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Stephen Nelson Tries On Headset of a Legend with Blackhawks

By Al Daniel, 11/30/21, 1:15PM MST

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Nelson is one of four broadcasters filling in for Pat Foley in his final season

Never slack on a shift. Value the unheralded role players. Bury your scoring chances. Know when to make a pass and share the glory.

Stephen Nelson has cemented hockey’s purest principles for success. Working for multiple pro teams and networks covering them in assorted behind-the-scenes and on-camera capacities has only strengthened his appreciation. Ditto his tasks as an NHL Network studio host.

Still, having amassed barely two dozen games as a play-by-play announcer, he exudes classic hockey humility over his latest break.

As 39-year veteran Pat Foley makes 2021-22 his swan song with the Chicago Blackhawks, NBC Sports Chicago is rotating four guest broadcasters in his place for select games. Nelson is in that mix, debuting at a Nov. 17 visit to Seattle.

“I’ve been very, very lucky to work with some incredible people,” he said. “So with that in mind, I don’t want to take it for granted, assume that I will be given more opportunities.”

He added, “This is a headset that tons and tons of people would kill to wear.”

Especially if they were raised on the franchise in question, as he was.

Nelson’s father moved from suburban Chicago to Southern California before starting his family in the 1980s. The household insulated steadfast Windy City allegiances and fostered active interests in hockey. When they weren’t sporting replica jerseys at home, both parents played in adult leagues while Nelson broke ice in the youth ranks.

His childhood sports scene also bolstered his sense of belonging as a Japanese-American. Per a 1991 Los Angeles Times report, Asian-Americans comprised 8 percent of Huntington Beach, Nelson’s hometown, at the time. That contingent has consistently grown since then, and one representative entered a key position to further Nelson’s fascinations.

Stephen Nelson with Dave Starman broadcasting.

Nelson with Starman broadcasting the IIHF World Junior Championship

Rob Fukuzaki joined L.A.’s ABC affiliate as a sports anchor in 1994, becoming the market’s first male Japanese-American newscaster. Reaching the age where realism gently benches most dreams of professional athleticism, Nelson watched Fukuzaki and assured himself, “there’s another place for me in sports.”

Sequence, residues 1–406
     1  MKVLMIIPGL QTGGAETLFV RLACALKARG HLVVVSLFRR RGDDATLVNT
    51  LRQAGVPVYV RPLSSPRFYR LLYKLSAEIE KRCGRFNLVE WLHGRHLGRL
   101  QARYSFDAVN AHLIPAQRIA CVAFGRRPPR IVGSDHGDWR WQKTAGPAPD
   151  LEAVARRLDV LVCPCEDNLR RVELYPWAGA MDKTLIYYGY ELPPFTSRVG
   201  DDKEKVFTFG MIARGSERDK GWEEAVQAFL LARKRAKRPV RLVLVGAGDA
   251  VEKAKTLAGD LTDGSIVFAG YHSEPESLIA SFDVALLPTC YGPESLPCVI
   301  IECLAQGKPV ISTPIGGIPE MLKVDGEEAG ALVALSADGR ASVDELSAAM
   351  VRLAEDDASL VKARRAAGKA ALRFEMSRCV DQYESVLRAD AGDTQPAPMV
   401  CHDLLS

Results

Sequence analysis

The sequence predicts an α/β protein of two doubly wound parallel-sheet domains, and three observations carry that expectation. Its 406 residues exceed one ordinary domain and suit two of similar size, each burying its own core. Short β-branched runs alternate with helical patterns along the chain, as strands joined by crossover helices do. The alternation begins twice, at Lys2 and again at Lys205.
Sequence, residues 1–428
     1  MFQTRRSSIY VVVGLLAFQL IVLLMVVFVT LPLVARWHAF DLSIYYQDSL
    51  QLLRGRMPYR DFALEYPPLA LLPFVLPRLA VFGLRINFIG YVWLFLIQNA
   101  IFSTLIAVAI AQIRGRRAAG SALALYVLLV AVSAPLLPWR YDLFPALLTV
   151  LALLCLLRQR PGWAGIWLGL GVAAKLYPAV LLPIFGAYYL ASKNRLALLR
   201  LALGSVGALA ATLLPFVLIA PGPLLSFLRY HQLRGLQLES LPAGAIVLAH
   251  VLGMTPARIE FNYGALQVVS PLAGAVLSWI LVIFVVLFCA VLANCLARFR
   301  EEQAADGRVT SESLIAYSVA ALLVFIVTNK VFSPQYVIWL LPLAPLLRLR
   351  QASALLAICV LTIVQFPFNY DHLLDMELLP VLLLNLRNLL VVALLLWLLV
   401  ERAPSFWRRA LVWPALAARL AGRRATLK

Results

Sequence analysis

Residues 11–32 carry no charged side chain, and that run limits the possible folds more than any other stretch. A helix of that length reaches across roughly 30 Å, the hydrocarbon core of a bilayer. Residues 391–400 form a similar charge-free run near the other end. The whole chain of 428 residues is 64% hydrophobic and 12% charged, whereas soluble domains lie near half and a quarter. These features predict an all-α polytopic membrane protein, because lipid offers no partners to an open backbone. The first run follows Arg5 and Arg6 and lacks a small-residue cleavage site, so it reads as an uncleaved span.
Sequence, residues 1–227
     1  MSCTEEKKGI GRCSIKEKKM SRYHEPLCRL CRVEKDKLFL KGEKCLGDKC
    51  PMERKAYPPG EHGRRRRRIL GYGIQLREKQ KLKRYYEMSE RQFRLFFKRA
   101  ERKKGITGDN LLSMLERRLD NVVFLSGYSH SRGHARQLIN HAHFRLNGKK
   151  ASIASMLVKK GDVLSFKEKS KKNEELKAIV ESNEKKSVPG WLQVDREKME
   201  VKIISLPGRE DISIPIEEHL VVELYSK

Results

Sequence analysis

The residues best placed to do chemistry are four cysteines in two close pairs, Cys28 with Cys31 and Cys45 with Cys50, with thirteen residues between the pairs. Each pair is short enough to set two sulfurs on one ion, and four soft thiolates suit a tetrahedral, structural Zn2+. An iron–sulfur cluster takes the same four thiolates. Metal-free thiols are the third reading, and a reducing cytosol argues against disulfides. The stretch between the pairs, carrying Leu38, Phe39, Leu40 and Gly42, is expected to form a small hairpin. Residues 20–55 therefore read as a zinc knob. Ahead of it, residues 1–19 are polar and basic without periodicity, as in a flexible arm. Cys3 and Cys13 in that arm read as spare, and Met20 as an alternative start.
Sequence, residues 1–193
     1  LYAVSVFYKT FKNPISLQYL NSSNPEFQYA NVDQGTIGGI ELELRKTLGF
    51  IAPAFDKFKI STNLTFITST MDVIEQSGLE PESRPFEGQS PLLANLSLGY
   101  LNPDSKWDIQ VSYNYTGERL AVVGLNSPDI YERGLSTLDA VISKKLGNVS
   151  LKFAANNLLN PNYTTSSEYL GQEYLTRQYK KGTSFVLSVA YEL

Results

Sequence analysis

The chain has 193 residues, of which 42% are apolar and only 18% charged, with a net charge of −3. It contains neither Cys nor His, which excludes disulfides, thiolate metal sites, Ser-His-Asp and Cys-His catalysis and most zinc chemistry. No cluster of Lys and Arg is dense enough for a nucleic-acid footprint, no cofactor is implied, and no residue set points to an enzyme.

Meanwhile, despite resisting the local Wayne Gretzky-powered bandwagon, Nelson looked up to another marvel. Bob Miller — the Kings TV voice from 1973 to 2017 and, incidentally, another Chicago transfer — imparted his wisdom upon a chance encounter with an opportunistic Fox Sports West intern in 2010.

“The thing that stuck with me most from that conversation was just the preparation,” said Nelson. “It didn’t matter if it was a pivotal postseason game or in the dog days of the regular season against a last-place team. Somewhere, somebody’s listening, maybe a fan of that last-place team, and they deserve as much energy as your team or any other franchise.”

The resultant habit of “over-preparation” bore its sweetest fruits in 2019, when Nelson started calling the IIHF World Junior Championship. Paired with color commentator Dave Starman, he absorbed more enriching ice chips as he built his game log in earnest.

Following a given telecast, Starman cited the play-by-play rookie’s plus points and constructively critiqued the blemishes. There were times, such as routine scrums in the corner, that warranted fewer words.

So when Team USA defeated Canada for gold this past January, with more fans getting their fix through his work one week before the pandemic-delayed NHL season, Nelson knew what to do. The celebratory mob around goaltender Spencer Knight typified those moments when, in Nelson’s words, “letting the images do the heavy lifting” is best.

When it comes to diversity, though, he will not hesitate to lead the rush. There he is part of the image.

“Every chance I have to talk about this, I jump at it because it means so much to me,” he said. “Hockey especially has to do a better job of improving its representation in positions of influence and power.”

At least one other Japanese-American has had a memorable run with an NHL team’s broadcast channel. From 2008 to 2013, Naoko Funayama relayed rinkside dispatches for Boston fans on the New England Sports Network. She more recently contributed to NBC’s coverage of the Tokyo 2020 Olympic Games.

“She’s a legend,” Nelson said.

Nonetheless, there is “not enough” of his demographic in his profession. That same statement applies to other marginalized communities, although Nelson’s employers bear some symbols of progress.

The NHL Network’s on-air roster includes two Black announcers (Fran Charles and Kevin Weekes), a Pakistani-Canadian (Adnan Virk) and five women (two-time U.S. Olympian Kendall Coyne Schofield, Lauren Gardner, Jamie Hersch, Kelly Nash and Jackie Redmond). NBC Sports Chicago’s broadcast team has two women (Caley Chelios, Genna Rose) joining four players turned analysts as content contributors.

“The sport is getting better at it slowly,” Nelson granted. “But for me, yeah, I think I’m always going to fly the flag for Japanese-Americans, Asian-Americans who love the game like I do, like my family does. Just try to be there for those who look like us.”

Story from Red Line Editorial, Inc.

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